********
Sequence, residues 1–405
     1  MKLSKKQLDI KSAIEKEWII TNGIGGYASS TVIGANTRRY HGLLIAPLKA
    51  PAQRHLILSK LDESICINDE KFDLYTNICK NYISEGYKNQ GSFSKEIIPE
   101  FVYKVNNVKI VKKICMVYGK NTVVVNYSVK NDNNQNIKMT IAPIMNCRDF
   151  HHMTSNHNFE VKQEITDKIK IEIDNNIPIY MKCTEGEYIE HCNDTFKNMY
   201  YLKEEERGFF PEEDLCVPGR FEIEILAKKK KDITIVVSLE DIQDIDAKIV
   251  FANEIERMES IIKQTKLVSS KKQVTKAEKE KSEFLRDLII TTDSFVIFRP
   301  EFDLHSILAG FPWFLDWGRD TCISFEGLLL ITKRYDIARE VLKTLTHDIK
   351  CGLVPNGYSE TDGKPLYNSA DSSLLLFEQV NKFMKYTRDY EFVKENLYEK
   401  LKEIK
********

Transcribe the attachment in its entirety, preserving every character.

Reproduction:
Sequence, residues 1–405
     1  MKLSKKQLDI KSAIEKEWII TNGIGGYASS TVIGANTRRY HGLLIAPLKA
    51  PAQRHLILSK LDESICINDE KFDLYTNICK NYISEGYKNQ GSFSKEIIPE
   101  FVYKVNNVKI VKKICMVYGK NTVVVNYSVK NDNNQNIKMT IAPIMNCRDF
   151  HHMTSNHNFE VKQEITDKIK IEIDNNIPIY MKCTEGEYIE HCNDTFKNMY
   201  YLKEEERGFF PEEDLCVPGR FEIEILAKKK KDITIVVSLE DIQDIDAKIV
   251  FANEIERMES IIKQTKLVSS KKQVTKAEKE KSEFLRDLII TTDSFVIFRP
   301  EFDLHSILAG FPWFLDWGRD TCISFEGLLL ITKRYDIARE VLKTLTHDIK
   351  CGLVPNGYSE TDGKPLYNSA DSSLLLFEQV NKFMKYTRDY EFVKENLYEK
   401  LKEIK